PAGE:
Think back to all the times you’ve been called, “difficult,” “overly-sensitive,” “dramatic,” or “bitch.”🖕🏻
O.k. Who were those people? Write them down. What was happening between you two? Defending yourself? Someone else? Going toe to toe with a bully? Rising above the bullshit? Write that down. 🤩🥳😎
Do that a couple of hundred times in life and you have a lot of enemies. — Good for you. That means you’re not a doormat for others to wipe their feet on.🦶🦶Love yourself enough to be odd woman/man out. 💗💗💗🥰🥰
Now, who’s dismissed and invalidated your feelings, shushed you, implied you were “crazy,” and “too much.” What were you trying to express to them? Write that down. 😤 Use your anger for fuel.
Dismissed and invalidated a couple of hundred times in life and you have anxiety, depression, panic attacks, and physical pain — also known as C/PTSD from the psychological mind-fuck that is narcissistic abuse. 🤯 Undo the damage they’ve caused and write your truth. ✍️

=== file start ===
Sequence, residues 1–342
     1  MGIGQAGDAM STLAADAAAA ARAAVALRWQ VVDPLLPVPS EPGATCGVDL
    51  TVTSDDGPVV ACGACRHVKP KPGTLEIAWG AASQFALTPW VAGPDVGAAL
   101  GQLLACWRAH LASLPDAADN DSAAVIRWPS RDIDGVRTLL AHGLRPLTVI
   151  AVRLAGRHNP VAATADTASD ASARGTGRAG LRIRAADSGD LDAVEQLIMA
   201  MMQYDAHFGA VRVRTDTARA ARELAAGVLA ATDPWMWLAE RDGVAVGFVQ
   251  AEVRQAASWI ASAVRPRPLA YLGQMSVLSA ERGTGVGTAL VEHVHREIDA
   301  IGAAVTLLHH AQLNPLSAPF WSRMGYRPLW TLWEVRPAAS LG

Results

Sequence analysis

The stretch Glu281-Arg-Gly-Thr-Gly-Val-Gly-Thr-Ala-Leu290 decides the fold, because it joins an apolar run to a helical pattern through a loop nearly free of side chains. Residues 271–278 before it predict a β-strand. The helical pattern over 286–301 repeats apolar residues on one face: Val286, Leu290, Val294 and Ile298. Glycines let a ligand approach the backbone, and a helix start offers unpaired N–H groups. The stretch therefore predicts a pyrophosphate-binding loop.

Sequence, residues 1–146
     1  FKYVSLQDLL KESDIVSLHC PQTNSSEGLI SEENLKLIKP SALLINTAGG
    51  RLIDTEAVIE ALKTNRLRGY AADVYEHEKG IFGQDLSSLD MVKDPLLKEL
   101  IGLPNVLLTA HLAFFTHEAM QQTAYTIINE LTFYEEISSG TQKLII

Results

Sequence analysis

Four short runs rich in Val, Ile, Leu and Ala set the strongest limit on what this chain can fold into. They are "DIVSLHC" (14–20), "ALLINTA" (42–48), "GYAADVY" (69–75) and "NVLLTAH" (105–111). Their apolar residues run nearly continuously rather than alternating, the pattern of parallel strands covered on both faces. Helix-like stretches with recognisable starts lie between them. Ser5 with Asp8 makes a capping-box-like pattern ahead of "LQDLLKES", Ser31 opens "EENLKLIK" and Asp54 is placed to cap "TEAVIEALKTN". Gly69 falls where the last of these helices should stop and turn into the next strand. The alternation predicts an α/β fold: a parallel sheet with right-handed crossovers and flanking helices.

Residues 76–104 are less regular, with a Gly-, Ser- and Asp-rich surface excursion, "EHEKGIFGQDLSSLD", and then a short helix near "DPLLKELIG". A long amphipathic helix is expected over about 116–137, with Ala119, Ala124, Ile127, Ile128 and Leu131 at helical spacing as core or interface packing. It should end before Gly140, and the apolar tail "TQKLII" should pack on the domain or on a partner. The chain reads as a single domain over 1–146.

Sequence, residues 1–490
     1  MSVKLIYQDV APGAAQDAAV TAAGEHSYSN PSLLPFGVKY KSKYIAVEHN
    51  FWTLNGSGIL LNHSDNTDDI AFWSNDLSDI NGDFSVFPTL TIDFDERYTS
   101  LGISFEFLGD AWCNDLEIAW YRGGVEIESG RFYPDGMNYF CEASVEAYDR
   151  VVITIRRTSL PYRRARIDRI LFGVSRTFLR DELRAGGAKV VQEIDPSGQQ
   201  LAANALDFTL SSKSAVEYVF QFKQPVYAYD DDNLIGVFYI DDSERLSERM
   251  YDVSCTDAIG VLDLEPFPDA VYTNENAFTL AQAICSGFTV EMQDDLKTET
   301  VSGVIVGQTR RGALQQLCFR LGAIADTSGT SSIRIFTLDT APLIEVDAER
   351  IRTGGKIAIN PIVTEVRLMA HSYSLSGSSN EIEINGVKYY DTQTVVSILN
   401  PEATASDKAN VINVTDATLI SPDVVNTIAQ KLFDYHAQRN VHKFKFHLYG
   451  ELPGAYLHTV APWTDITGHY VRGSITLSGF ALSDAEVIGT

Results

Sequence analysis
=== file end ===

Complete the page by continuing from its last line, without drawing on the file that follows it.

Who’s ignored the core of who you are, mocked you, threatened your attempts at telling them what hurt and punished you for your “no?” Write that down. 😡🤬
Write all these stories out and you have a memoir. These stories are your gold. Your power. And they are more for your learning about yourself than they are for outing others. 💪🏻💥🎖
What are the patterns that keep playing out in your life? What’s your childhood conditioning? What role do you play in perpetuating these patterns? What could you have done differently then? What needs to change now? Have you changed over time? If not, why not? 🧐
Those names you wrote down? Abusers. Both overt and covert.
And there is both a time to stand and fight 💥🥊 and a time to walk away. 🏃🏻♀️
My parents didn’t teach or model these behaviors to me, but I was able to go on and teach my own kids self-trust, self-love, and self-acceptance because I learned how to source them for myself.
This meme is written to encourage parents to teach and model these behaviors to their children and that’s great. We need parents to parent the kids they choose have. But, for adults who weren’t taught these things from their own parents, this can sound as if they aren’t able to do these things for themselves. And sadly, if they have kids at home they may just think, “I wasn’t taught this, so I can’t teach it.”